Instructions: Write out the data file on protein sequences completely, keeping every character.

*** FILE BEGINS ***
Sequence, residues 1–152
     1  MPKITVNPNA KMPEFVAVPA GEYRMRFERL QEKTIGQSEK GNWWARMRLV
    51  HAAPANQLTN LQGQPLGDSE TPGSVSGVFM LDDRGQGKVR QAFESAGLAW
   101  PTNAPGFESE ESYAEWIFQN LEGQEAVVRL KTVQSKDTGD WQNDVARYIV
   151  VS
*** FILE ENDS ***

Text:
Sequence, residues 1–152
     1  MPKITVNPNA KMPEFVAVPA GEYRMRFERL QEKTIGQSEK GNWWARMRLV
    51  HAAPANQLTN LQGQPLGDSE TPGSVSGVFM LDDRGQGKVR QAFESAGLAW
   101  PTNAPGFESE ESYAEWIFQN LEGQEAVVRL KTVQSKDTGD WQNDVARYIV
   151  VS